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The Killing Field
Nick Walton
Andy and I cruised along the dirt roads. I had my sunglasses planted firmly on my face and even managed to pull a spare pair from my bag for Andy as the dust swirled around us. This looked almost like a street at home except for the condition of everything. Tall oaks swayed in the humid winds and often the better route was around the pedestrian side of these huge natural barriers, rather than taking on the trucks and potholes of the road. Slowly though, we left all homes behind and there was an air of sadness everywhere, although I could not see any indication that we had arrived at the former picnic park, turned nightmare. We skidded to a halt in front of three men. They looked at me with little interest until I told them I was from New Zealand. Apparently one of them knew someone in Auckland. Another figure gently swung on a hammock in the shade of a tree behind. The three 'guides' sat at a fold out trestle and pulled water bottles from an ancient icebox underneath. They let me pass for a couple of US dollars and Andy and I walked towards a tall white temple.

I am not sure what I was expecting, maybe footage from a Ripley's Believe it or Not series, bodies heaped everywhere, their souls desperation to be remembered, preserving them. Instead, all I could see was grass, trees and a dusty field, where I imagined children once played soccer. But as we approached the white temple with it's ornate roofing and gilding, I realized there was much more. Shelf upon shelf of bleached white skulls, many with large holes telling of terrible fates, stared at me. I was informed by Andy that the skulls were the only parts left of the nearly 9000 bodies found in this particular site, the rest having been burnt off by UN workers and the new government.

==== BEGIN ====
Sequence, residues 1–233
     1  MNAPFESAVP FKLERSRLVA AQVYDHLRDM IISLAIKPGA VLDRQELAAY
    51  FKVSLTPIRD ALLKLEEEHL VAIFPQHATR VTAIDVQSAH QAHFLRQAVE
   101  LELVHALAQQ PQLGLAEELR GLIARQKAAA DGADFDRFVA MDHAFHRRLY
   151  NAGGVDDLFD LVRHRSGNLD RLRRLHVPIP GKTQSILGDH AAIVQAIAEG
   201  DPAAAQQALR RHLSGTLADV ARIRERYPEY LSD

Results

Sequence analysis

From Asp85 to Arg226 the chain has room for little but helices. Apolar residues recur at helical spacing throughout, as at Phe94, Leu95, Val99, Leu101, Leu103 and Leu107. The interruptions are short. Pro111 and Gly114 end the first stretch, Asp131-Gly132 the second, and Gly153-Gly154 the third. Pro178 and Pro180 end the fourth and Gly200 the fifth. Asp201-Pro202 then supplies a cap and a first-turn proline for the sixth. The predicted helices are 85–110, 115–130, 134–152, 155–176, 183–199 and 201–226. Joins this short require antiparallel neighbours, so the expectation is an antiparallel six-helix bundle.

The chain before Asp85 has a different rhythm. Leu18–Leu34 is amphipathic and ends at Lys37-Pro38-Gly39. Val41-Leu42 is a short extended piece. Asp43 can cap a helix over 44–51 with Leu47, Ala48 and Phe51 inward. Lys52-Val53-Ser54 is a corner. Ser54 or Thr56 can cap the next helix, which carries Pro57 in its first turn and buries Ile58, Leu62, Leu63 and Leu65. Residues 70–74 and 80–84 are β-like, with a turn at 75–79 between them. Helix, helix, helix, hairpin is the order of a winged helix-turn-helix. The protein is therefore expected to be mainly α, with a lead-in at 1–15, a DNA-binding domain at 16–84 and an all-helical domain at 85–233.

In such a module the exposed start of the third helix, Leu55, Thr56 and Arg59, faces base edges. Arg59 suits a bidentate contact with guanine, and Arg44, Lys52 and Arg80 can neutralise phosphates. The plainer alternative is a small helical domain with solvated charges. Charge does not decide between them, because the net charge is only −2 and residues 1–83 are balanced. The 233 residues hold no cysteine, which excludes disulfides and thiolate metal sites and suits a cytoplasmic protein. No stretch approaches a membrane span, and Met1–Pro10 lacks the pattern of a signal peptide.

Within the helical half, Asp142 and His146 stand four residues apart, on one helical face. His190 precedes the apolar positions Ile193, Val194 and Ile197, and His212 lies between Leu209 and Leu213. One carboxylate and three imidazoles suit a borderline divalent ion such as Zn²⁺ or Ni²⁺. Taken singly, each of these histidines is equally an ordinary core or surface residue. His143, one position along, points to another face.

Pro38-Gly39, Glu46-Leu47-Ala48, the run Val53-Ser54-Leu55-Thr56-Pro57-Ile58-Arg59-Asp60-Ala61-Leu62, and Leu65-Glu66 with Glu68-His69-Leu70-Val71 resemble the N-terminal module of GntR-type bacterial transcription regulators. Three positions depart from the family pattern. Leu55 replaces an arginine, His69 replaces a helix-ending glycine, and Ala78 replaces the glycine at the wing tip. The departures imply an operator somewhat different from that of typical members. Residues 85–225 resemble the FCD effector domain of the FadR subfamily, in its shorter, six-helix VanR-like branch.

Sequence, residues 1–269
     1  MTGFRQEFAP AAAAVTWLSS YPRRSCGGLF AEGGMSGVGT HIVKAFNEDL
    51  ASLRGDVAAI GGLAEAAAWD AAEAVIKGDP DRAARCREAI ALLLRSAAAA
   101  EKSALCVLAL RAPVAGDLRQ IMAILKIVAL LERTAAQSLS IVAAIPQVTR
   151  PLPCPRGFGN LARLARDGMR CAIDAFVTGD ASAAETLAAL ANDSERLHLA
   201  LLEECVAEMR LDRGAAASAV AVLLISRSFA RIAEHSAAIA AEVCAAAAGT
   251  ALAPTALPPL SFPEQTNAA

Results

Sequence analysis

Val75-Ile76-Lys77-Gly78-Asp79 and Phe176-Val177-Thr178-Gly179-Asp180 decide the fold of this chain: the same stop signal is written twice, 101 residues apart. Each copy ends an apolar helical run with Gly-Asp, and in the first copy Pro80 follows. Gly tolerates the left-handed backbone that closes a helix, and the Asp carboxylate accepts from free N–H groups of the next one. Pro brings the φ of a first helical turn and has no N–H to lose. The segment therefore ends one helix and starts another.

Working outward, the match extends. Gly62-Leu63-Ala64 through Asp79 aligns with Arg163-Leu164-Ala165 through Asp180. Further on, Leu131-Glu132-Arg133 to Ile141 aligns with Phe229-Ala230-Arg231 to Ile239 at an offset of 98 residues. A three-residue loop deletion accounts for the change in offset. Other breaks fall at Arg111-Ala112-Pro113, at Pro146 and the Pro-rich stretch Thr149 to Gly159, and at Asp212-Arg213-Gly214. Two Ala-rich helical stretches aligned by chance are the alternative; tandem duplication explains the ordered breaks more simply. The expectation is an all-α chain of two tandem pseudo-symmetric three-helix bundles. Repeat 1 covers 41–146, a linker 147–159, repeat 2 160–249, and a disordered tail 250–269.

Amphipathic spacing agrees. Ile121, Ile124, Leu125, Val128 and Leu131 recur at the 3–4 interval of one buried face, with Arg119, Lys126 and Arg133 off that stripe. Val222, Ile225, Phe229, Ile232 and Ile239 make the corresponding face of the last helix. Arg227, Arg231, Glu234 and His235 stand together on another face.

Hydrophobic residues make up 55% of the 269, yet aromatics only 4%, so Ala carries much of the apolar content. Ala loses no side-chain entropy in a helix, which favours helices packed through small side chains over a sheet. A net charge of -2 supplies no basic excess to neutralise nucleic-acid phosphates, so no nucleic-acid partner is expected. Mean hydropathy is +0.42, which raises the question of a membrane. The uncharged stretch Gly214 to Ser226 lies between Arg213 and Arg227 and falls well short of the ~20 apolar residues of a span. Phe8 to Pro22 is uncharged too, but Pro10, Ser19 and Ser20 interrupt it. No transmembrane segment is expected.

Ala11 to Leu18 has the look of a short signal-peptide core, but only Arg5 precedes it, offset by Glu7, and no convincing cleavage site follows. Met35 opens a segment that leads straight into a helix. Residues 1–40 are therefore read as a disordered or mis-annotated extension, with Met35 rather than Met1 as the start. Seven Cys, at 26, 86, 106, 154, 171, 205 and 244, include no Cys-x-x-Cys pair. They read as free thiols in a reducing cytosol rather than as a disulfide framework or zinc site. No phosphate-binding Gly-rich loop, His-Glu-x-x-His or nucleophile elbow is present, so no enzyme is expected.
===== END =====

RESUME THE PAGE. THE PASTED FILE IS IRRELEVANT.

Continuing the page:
Moving on from the temple, the only memorial at the site, I saw what looked like a pa site back home in New Zealand. Almost like the little pits that I played in as a child, on the banks of One Tree Hill, there were small hollows spread across a wide area. Andy told me that these were the mass graves. I had listened to the BBC since I was tiny, and I had heard about genocide, and mass execution, even heard of the Cambodia that I was delving into now, but never did I think that I would find myself up close and personal with this kind of inhumanity. Grass had been allowed to grow into the depressions, but you could sense the loss, especially when you felt chills as you passed under a shadow of one of the large trees in the field. One grave had held 450 people, according to a sign. Andy told me that they had been women and children who had been killed with hammers to save bullets.

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Contact Nick Walton: (Nick Walton) 

Nick Walton is a Newzealander who has lived and studied in Aukland New Zealand and Sydney Australia.  Besides being captain of the tennis team and a avid tennis player, Nick has a passion for writing, travel, and public relations.  He started his career by tackling some difficult subjects like the Khmer Rouge in Cambodia which we learned about while visiting a high school in Viet Nam.  (More about this writer.)


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